When Storage is REALLY Fast Even Zero-Second Wait Events are Top 5. Disk File Operations I/O: The Mystery Wait Event.
The SLOB code that is generally available here differs significantly from what I often test with in labs. Recently I was contorting SLOB to hammer an EMC XtremIO All-Flash Array in a rather interesting way. Those of you in the ranks of the hundreds of SLOB experts out there will notice two things quickly in the following AWR snippet:
1) Physical single block reads are being timed by the Oracle wait interface at 601 microseconds (3604/5995141 == .000601) and this is, naturally for SLOB, the top wait event.
2) Disk file operations I/O is ranking as a top 5 timed event. This is not typical for SLOB.
The 601us latencies for XtremIO are certainly no surprise. After all, this particular EMC storage array is an All-Flash Array so there’s no opportunity for latency to suffer as is the case with alternatives such as flash-cache approaches. So what is this blog post about? It’s about Disk file operations I/O.
I needed to refresh my memory on what the Disk file operations I/O event was all about. So, I naturally went to consult the Statistics Description documentation. Unfortunately there was no mention of the wait even there so I dug further to find it documented in the Description of Wait Events section of the Oracle Database 11g documentation which states:
This event is used to wait for disk file operations (for example, open, close, seek, and resize). It is also used for miscellaneous I/O operations such as block dumps and password file accesses.
Egad. A wait is a blocking system call. Since open(2)/close(2) and seek(2) are non-blocking on normal files I suppose I could have suffered a resize operation–but wait, this tablespace doesn’t allow autoextend. I suppose I really shouldn’t care that much given the fact that the sum total of wait time was zero seconds. But I wanted to understand more so I sought information from the user community–a search that landed me happily at Kyle Hailey’s post on oaktableworld.com here. Kyle’s post had some scripts that looked promising for providing more information about these waits but unfortunately in my case the scripts returned no rows found.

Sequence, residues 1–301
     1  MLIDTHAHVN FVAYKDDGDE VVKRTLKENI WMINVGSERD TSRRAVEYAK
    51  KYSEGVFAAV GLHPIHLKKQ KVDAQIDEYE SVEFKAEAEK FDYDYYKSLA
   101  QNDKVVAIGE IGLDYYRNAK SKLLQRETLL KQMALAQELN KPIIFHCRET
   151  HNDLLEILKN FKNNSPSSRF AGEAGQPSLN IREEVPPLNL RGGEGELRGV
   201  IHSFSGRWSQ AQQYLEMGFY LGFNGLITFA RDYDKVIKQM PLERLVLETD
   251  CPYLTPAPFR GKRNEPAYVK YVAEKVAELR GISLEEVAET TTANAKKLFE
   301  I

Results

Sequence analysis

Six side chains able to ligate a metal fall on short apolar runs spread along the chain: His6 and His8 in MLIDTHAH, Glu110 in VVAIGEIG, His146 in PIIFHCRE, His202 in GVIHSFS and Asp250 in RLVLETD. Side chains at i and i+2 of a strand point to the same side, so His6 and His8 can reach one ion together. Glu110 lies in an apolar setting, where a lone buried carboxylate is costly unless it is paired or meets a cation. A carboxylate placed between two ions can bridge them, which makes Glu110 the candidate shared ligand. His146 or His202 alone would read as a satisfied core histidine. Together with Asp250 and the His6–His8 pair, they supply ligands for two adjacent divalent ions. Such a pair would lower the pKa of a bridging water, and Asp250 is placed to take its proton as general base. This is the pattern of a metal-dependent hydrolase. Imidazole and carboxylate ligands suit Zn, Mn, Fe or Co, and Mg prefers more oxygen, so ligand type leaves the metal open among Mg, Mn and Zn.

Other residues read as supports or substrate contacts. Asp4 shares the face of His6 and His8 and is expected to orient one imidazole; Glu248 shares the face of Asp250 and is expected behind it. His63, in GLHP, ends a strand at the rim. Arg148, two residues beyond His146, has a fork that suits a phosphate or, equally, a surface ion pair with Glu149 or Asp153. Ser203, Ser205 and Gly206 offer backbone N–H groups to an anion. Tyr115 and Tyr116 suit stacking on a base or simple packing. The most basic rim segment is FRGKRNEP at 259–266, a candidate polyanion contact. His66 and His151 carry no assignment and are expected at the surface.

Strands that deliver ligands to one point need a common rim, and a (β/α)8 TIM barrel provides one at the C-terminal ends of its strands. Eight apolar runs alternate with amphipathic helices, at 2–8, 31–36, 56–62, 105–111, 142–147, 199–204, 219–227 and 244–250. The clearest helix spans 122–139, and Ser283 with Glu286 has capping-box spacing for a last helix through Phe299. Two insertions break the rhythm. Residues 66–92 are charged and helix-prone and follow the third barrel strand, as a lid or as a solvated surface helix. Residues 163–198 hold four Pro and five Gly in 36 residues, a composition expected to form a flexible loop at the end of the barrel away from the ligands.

So, at this point, I’ll have to say that the sole value of this blog post is to point out the fact that a) the Oracle documentation specifically covering statistics descriptions is not as complete as the Description of Wait Events section and b) the elusive Disk file operations I/O wait event remains, well, elusive and that this is now part I in a multi-part blog series until I learn more. I’ll set up some traces and see what’s going on. Perhaps Kyle will chime in.
Filed under: oracle
This is the first installment in a series of posts I’m launching to share interesting use cases for SLOB. I have several installments teed up but to put a spin on things I’m going to hit two birds with one stone in this installment. The first bird I’ll hit is to introduce a friend and colleague, Bart Sjerps, who I just added to my blogroll. The other bird in my cross-hairs is this interesting post Bart wrote some time back that covers a study of ZFS fragmentation using SLOB.
As always, please visit the SLOB Resources Page for SLOB kit and documentation.
Filed under: Silly Little Oracle Benchmark, SLOB, ZFS, ZFS Performance